(This review may contain spoilers).
This was a movie I had very mixed feelings about seeing. While I did think it looked engaging and had a more unique plot, barring being based on a book, it also looked like it was going to be difficult to watch on an emotional level.
It was very easy to empathise with Conor and what he was going through, even though I didn’t have a chance to see what he was like before his mother fell sick. There were times I ached along with him, especially when it came to what was going on at his school.
As a viewer, I felt like the adults in Conor’s life didn’t really care about him; or at least not enough to really see him. I felt their decisions to let him get away with virtually everything ultimately did more harm than good; and as for his father, while I like the actor, I felt he consistently said and did the wrong thing. In many ways, his grandmother was the only adult (apart from his mother) I was able to empathise with.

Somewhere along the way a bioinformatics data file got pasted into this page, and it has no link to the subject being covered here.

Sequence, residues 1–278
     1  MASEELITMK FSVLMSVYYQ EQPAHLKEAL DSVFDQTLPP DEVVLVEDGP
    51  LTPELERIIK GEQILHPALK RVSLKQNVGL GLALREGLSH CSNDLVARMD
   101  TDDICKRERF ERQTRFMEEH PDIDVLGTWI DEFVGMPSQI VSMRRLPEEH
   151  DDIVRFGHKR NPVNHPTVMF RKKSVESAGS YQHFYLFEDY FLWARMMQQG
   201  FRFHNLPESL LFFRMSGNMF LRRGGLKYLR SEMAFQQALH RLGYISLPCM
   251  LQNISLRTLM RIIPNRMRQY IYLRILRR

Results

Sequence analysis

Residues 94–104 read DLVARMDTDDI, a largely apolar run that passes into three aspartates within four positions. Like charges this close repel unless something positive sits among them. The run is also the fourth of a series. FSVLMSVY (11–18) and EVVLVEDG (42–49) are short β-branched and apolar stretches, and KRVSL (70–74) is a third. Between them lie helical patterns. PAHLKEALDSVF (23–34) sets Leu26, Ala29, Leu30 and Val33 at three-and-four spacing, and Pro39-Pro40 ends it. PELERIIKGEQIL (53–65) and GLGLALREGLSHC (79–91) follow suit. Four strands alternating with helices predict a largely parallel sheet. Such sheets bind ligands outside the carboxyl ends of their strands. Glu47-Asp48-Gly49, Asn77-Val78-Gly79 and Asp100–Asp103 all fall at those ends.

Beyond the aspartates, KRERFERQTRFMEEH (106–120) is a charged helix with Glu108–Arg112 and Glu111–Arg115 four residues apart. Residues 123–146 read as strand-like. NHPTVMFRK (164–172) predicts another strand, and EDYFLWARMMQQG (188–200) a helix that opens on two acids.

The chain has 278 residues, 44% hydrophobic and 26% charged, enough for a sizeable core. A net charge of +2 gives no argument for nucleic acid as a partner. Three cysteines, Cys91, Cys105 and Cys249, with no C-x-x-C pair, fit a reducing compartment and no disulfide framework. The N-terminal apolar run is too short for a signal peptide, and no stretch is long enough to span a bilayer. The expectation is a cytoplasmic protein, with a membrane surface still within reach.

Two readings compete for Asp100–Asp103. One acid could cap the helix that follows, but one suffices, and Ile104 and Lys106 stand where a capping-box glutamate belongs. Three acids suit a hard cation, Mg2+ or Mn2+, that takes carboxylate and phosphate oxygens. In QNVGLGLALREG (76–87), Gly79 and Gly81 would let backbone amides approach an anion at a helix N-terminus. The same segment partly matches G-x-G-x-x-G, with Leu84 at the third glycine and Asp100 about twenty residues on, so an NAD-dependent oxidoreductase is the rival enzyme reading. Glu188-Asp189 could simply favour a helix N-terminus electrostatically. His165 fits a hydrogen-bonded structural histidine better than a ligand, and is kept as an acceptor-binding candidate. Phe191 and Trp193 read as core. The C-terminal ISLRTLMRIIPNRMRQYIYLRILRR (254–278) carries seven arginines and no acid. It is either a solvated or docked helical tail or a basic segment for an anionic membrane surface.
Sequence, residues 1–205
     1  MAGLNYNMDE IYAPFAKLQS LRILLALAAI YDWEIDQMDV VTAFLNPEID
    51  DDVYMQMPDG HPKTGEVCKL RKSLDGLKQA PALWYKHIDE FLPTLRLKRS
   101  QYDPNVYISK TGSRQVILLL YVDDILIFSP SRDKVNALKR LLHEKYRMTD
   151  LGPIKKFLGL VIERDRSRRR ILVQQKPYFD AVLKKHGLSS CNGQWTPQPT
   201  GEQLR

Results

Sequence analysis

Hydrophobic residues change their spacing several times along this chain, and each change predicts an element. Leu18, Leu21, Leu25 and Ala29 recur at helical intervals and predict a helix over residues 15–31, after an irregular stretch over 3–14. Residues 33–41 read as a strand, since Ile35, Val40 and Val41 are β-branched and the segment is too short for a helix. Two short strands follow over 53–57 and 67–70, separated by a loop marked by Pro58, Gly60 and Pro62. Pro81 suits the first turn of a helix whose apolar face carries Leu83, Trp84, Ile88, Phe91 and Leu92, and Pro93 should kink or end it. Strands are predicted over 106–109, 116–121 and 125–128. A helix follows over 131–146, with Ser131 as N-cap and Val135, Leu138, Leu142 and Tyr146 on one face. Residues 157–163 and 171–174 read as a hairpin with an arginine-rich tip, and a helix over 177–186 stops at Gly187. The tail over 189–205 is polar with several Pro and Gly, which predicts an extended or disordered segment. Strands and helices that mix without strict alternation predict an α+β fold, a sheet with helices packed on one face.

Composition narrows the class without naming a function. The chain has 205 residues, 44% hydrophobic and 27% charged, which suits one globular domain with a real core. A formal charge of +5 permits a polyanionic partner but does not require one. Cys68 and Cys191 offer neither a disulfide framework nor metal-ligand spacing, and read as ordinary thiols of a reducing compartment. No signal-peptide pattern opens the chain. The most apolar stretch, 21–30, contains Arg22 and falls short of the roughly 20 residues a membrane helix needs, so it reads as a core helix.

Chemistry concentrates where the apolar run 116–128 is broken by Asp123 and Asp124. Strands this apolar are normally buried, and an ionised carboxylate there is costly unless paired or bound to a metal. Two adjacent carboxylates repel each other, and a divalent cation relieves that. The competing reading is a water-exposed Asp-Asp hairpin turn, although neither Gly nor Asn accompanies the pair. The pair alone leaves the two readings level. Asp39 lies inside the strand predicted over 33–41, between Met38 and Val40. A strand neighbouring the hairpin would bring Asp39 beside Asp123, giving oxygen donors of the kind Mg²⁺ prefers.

It was good to see the visuals used in the stories the monster told Conor. I thought the story about the prince and the queen was particularly effective, especially as the tropes seemed turned on their heads.
The nightmare Conor had of his mother dangling over the pit was hard enough to see, even without the monster encouraging him to voice what he really felt. And even though he clearly felt guilty, it was impossible to blame him for how he felt.
On the whole, this movie was emotionally engaging to watch and although it dealt with some very tough subject matter, I thought the use of the fantasy worked really well. And while it was dark in parts, I thought that worked, as children do have real, dark issues to deal with.
I don’t think I’d watch this film again, but I felt it was worth watching the first time.